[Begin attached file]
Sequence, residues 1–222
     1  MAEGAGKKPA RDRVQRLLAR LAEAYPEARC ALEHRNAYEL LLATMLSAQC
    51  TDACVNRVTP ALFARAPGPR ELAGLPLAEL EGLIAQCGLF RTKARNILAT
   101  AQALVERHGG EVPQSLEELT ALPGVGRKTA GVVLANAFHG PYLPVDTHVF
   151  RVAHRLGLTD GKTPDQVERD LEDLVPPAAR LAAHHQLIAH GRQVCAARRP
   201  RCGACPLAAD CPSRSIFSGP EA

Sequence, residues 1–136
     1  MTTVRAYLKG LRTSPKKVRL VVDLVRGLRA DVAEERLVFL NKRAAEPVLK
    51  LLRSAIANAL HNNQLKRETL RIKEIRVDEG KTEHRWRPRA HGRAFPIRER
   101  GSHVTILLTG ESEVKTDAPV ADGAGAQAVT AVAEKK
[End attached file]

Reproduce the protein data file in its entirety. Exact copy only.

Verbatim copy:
Sequence, residues 1–222
     1  MAEGAGKKPA RDRVQRLLAR LAEAYPEARC ALEHRNAYEL LLATMLSAQC
    51  TDACVNRVTP ALFARAPGPR ELAGLPLAEL EGLIAQCGLF RTKARNILAT
   101  AQALVERHGG EVPQSLEELT ALPGVGRKTA GVVLANAFHG PYLPVDTHVF
   151  RVAHRLGLTD GKTPDQVERD LEDLVPPAAR LAAHHQLIAH GRQVCAARRP
   201  RCGACPLAAD CPSRSIFSGP EA

Sequence, residues 1–136
     1  MTTVRAYLKG LRTSPKKVRL VVDLVRGLRA DVAEERLVFL NKRAAEPVLK
    51  LLRSAIANAL HNNQLKRETL RIKEIRVDEG KTEHRWRPRA HGRAFPIRER
   101  GSHVTILLTG ESEVKTDAPV ADGAGAQAVT AVAEKK